When his soul went out into the Greater soul that gave it, how lovingly he must have followed the last ride of his shattered clay tenement as it journeyed through the Kansas that he loved, down the West Branch into the Walnut Valley that loved him, up the hill through the gloaming into the home that was his first heaven.  For it was a journey with a climax in love.  And when those whom he knew best and loved best gathered about his wasted body of death, his soul triumphant in the new life must have felt glowing even through the dark veil the warmth of an affection too deep for words and tears.

  So his last wish was granted.  And after “taps” had sounded we left all that was mortal, only a withered husk of the exalted and risen soul of Thomas Benton Murdock under the prairie grass out in the sunshine.  Sunshine and prairie grass—and the end.


  T. B. Murdock in writing of the death of his brother, Marsh, January 3, 1908, said:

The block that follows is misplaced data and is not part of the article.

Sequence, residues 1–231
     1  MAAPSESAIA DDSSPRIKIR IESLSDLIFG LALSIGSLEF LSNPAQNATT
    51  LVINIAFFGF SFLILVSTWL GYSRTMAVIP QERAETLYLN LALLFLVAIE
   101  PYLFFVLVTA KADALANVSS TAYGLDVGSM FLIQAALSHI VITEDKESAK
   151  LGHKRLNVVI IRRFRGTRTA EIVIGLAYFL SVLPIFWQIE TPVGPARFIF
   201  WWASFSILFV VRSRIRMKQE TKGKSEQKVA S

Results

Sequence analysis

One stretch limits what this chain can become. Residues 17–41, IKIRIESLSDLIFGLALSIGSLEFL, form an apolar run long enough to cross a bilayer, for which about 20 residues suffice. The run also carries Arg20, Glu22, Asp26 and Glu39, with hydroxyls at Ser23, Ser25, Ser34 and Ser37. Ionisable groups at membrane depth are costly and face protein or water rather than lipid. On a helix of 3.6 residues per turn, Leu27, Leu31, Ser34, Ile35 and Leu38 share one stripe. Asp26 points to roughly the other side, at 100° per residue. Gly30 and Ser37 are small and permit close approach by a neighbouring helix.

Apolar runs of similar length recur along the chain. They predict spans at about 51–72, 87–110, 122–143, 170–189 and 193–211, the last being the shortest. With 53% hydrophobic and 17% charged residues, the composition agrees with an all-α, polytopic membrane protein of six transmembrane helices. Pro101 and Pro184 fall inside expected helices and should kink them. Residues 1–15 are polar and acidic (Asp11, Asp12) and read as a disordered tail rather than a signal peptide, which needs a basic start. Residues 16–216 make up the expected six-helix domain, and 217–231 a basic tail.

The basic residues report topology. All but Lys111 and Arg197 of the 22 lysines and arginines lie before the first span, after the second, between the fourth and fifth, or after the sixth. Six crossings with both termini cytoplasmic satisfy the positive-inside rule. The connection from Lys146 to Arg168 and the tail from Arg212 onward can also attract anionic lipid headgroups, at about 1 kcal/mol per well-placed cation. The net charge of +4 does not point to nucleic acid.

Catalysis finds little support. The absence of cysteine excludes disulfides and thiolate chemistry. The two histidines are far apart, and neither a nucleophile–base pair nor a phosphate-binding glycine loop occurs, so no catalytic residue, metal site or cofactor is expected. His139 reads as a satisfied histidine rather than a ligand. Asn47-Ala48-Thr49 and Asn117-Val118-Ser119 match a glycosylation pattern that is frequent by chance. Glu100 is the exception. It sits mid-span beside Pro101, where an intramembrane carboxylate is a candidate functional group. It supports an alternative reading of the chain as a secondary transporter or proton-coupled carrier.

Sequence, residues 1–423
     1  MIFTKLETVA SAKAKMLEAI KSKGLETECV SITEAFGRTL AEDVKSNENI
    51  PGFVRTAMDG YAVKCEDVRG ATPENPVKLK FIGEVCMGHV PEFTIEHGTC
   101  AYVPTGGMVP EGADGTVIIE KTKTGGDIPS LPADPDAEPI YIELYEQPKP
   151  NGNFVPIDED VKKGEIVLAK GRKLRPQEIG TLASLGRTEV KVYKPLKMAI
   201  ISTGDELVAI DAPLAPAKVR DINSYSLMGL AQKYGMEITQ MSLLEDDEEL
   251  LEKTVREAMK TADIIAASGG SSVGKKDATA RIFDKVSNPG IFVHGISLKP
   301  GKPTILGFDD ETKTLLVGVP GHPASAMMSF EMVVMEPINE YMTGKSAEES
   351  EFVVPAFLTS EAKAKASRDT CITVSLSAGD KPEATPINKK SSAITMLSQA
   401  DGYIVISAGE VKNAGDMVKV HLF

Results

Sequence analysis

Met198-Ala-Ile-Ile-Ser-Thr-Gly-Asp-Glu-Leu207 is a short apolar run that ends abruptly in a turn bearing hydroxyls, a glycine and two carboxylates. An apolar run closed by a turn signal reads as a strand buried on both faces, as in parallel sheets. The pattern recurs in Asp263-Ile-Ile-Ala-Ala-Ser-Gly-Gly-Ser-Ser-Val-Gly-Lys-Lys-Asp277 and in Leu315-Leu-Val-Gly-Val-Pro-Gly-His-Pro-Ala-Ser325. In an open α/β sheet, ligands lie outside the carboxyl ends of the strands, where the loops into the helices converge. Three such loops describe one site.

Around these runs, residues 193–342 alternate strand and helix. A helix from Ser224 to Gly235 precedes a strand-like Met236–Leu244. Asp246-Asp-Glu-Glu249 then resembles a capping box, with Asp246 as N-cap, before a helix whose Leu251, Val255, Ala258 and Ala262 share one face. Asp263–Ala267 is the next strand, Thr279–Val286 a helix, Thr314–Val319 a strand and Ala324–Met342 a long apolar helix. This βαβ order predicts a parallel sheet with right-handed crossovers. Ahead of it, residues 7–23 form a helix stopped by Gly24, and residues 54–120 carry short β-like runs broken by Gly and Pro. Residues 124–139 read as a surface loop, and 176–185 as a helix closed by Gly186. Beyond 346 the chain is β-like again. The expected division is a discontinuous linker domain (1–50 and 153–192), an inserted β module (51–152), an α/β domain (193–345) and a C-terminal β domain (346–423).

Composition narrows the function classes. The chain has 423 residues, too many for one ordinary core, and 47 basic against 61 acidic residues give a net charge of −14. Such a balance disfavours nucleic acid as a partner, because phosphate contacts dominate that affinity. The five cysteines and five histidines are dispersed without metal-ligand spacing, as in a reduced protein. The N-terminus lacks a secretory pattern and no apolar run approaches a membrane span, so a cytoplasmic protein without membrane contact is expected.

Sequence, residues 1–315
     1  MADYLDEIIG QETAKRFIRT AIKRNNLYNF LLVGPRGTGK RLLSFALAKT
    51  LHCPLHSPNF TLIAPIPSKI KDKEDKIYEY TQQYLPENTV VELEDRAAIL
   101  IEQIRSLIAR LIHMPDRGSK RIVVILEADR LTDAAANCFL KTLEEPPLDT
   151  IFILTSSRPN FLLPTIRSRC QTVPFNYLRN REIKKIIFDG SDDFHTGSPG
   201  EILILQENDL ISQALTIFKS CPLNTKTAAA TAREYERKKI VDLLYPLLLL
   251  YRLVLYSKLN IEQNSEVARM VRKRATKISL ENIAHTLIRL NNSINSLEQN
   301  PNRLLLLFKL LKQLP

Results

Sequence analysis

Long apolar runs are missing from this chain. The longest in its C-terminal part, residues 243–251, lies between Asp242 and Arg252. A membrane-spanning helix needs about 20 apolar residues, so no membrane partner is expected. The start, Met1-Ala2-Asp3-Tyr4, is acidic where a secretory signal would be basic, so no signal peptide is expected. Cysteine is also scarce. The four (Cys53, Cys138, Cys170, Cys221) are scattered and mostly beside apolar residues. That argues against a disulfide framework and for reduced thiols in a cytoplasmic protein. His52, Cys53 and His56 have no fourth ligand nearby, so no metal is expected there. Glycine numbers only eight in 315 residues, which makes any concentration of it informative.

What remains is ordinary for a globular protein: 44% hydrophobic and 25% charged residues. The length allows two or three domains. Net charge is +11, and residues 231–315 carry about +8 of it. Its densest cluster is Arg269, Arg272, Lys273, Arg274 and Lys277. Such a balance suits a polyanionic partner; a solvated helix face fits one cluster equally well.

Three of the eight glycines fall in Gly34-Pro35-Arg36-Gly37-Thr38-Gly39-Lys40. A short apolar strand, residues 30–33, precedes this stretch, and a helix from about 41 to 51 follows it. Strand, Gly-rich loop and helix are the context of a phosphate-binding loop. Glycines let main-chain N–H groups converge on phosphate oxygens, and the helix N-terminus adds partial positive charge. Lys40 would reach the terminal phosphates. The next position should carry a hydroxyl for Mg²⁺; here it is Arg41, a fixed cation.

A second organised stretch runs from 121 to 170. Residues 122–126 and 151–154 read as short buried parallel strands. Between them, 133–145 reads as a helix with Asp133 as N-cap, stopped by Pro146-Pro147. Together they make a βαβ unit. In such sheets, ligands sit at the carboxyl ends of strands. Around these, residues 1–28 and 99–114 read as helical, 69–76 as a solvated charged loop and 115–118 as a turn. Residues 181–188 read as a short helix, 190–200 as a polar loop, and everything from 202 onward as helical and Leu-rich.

“There is no death.  There are no dead.  No waiting for the resurrection, in that it releases the spirit from the body.  If there was a Christ, and there was, and if he said something while on earth, and he did, he said it to Martha at the grave of Lazarus:  ‘Whosoever liveth and believeth in me shall never die.’  The immortal spirit of husband and father has passed through the shadow of the borderland of the shoreless river, ‘and his voice is drowned in the rushing tide.’

  “He has Crost the Bar.  His dying eyes had read a mystic meaning which only the rapt and passing soul may know.  Let us believe that in the silence of the receding world he heard the great waves breaking on a farther shore, and felt already upon his wasted brow the breath of the eternal morning.”


Funeral Service


  Funeral services over the late T. B. Murdock were held from the family home on Walnut Hill, Sunday afternoon, November 7, 1909.  Reverend Dean Kay of Trinity Episcopal church, Topeka, conducted the service and very beautifully expressed, sincere and true were his thoughts on immortal life, his tribute on the personality of Mr. Murdock.  He was assisted by Reverend I. Newton Roberts of the El Dorado Trinity Episcopal church.